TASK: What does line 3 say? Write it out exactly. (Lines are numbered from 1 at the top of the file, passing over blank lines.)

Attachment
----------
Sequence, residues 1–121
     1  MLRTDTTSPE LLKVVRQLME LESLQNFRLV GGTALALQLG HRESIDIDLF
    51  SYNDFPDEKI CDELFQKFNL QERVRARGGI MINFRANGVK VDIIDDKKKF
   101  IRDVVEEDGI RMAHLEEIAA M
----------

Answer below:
    51  SYNDFPDEKI CDELFQKFNL QERVRARGGI MINFRANGVK VDIIDDKKKF